Around this time, she broke her jaw during an unrelated bicycling accident and had to have it wired shut. Her workers’ compensation claim was accepted while recovering from it, the lawsuit states.
She underwent surgery for a torn right shoulder rotator cuff in April 2021, but hospital management refused to give her modified duty, according to the suit.
By September 2021, Santiago was offered a modified position overseeing the intensive care unit’s personal protective equipment. According to the suit, Santiago completed two shifts before receiving an email from management telling her the National Guard would be doing her job as part of a state-led effort to relieve Oregon’s beleaguered hospitals.
Santiago kept in touch with hospital management expecting a new assignment until communication suddenly stopped in November 2021, according to the lawsuit.
She underwent another right shoulder surgery in February 2022 from her work-related injury and was released to work in October. The surgery left her with a permanent disability in her right shoulder that left her unable to return to the maternity unit, according to the suit.
There were other positions Santiago could have performed, the lawsuit states. But management attempted to convince her to sign a document agreeing to “voluntarily resign” for $100 and give up her rights to sue, according to the lawsuit. Santiago refused.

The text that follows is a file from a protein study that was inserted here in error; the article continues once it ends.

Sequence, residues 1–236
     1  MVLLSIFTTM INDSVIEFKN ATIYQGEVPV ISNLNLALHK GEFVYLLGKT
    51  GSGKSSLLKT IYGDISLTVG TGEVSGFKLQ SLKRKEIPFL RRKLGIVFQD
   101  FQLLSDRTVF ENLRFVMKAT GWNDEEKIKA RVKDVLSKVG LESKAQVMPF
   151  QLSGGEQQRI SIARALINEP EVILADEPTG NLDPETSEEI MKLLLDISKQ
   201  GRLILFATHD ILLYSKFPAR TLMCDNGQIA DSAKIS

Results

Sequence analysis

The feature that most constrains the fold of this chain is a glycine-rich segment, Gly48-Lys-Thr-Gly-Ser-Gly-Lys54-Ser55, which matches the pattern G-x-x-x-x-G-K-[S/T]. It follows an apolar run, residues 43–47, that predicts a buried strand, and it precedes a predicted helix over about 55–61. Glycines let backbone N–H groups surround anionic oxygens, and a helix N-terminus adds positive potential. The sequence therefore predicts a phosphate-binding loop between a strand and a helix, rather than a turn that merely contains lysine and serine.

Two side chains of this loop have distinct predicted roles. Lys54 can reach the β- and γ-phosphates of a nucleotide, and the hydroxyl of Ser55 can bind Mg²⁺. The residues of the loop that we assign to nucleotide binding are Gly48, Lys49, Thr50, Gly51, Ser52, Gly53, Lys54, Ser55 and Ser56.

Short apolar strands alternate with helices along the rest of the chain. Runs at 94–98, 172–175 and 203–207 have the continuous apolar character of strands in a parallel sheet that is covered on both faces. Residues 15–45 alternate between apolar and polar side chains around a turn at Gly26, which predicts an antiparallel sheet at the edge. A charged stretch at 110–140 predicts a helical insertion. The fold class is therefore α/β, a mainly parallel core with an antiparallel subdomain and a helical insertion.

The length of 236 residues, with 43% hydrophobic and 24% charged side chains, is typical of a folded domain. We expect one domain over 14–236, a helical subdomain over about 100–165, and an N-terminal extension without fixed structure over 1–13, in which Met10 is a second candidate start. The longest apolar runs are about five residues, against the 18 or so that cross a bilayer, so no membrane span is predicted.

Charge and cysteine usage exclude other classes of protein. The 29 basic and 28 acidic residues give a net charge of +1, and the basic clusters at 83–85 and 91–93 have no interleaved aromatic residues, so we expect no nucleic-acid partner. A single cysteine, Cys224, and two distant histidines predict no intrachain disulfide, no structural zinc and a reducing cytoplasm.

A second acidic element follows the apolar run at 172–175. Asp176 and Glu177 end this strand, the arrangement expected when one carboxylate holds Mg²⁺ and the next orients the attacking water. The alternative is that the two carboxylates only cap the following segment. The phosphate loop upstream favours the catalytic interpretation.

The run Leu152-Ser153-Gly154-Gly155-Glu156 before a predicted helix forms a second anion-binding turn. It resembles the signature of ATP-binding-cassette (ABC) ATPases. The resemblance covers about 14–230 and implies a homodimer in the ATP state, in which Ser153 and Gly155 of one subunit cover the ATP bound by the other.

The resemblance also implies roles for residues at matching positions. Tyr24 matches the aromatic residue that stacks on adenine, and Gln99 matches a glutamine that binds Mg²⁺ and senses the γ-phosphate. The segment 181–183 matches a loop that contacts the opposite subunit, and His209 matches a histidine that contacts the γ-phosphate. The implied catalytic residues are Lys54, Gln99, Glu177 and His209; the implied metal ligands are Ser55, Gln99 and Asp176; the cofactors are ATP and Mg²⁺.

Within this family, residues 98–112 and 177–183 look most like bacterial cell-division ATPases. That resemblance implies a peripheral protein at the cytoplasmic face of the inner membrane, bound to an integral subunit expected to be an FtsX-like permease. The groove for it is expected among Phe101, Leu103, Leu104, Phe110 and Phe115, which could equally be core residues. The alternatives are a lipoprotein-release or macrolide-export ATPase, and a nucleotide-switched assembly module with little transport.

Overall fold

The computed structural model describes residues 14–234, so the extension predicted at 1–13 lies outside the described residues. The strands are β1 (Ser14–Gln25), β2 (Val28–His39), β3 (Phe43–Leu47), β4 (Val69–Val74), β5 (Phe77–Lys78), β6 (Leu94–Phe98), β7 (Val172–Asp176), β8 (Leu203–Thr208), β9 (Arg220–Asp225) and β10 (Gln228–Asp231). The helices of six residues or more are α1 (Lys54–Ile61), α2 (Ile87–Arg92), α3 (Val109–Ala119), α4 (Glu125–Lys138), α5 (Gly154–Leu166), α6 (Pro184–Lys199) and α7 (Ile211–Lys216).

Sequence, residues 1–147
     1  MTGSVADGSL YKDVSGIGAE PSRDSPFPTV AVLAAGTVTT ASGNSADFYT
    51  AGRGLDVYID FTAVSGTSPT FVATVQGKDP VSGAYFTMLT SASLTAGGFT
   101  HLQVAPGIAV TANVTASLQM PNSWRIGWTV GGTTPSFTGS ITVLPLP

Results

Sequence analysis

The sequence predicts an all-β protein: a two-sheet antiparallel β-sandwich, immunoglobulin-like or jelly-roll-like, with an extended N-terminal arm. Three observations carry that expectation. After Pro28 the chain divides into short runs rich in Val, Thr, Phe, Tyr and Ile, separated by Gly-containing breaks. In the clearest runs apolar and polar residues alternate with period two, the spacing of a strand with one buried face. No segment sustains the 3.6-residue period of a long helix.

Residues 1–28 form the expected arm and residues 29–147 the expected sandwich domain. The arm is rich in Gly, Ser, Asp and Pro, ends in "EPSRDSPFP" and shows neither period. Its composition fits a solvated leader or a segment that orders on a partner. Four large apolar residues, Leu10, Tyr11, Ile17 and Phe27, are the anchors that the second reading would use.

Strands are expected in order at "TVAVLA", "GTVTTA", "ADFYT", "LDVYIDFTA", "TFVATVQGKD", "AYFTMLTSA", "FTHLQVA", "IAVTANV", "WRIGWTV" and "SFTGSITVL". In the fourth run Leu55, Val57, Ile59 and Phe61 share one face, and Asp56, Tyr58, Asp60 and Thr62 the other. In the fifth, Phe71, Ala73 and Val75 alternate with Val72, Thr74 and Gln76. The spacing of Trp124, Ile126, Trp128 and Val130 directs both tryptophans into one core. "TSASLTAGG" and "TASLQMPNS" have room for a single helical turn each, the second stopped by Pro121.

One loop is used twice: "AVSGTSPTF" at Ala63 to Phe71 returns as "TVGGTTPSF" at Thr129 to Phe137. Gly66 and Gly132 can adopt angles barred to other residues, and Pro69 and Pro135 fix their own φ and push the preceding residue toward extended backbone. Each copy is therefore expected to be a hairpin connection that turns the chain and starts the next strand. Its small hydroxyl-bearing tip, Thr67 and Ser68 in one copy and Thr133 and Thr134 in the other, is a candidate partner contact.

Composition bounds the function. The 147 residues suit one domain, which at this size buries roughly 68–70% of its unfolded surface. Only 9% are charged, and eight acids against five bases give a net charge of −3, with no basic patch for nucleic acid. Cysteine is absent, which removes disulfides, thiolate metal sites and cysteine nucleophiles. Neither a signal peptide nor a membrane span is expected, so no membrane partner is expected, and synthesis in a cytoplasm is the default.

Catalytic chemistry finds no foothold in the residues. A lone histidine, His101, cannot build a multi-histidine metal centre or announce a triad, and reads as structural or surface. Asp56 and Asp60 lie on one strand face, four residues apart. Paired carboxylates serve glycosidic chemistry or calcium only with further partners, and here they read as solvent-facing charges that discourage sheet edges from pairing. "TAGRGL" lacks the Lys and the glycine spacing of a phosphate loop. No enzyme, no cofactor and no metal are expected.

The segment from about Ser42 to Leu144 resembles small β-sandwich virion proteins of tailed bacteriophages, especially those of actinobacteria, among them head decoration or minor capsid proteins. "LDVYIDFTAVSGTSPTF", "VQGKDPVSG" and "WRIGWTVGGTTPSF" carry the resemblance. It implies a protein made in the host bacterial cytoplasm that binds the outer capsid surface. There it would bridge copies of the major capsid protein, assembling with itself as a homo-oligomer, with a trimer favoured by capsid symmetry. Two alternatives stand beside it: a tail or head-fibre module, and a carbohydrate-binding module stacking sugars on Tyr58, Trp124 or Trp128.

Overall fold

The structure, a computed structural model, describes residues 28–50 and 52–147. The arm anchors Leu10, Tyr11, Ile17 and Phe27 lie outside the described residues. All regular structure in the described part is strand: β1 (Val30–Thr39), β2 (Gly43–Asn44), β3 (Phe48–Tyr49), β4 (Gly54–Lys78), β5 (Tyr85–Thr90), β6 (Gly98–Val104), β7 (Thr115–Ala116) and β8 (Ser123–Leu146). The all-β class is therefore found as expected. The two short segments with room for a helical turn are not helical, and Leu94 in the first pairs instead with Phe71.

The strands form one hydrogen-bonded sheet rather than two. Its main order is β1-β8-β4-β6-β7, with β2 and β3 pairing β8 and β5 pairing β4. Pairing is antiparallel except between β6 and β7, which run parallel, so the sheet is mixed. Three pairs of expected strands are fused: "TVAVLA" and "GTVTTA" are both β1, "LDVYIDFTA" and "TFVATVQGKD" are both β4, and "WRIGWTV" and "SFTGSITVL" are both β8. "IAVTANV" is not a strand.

Santiago contacted hospital human resources earlier this month after she was unable to access work emails. The representative told her she was no longer employed there as of Sept. 20, 2023, according to the suit, but that was the first Santiago heard of it.
The lawsuit contrasts Santiago’s treatment to how she was able to return to work after recovering from another left shoulder tear in 2012 and how another registered nurse was given light duty after breaking their finger.
In August 2022, Santiago filed a civil rights complaint making similar allegations against the hospital to the Oregon Bureau of Labor and Industries. Santiago’s complaint alleged that the hospital failed to re-employ her in suitable work after she became “medically stationary,” meaning her injury wasn’t expected to get better.
A bureau investigator recommended dismissing the complaint a year later, observing that Santiago didn’t become medically stationary until two months after she filed the complaint with the bureau, according to records obtained by The Lund Report.
“The evidence provided is (sic) does not substantially support Complainant allegations of discrimination on the basis of age or having a disability, or retaliation for requesting reasonable accommodations and invoking the workers’ compensation system,” the investigator wrote.
The hospital didn’t have any suitable positions available after the National Guard took over her earlier job overseeing personal protective equipment, the investigator wrote. The settlement the hospital offered Santiago was not evidence of discrimination, the investigator concluded. The investigator was also unable to reach younger employees who received modified positions after suffering injuries.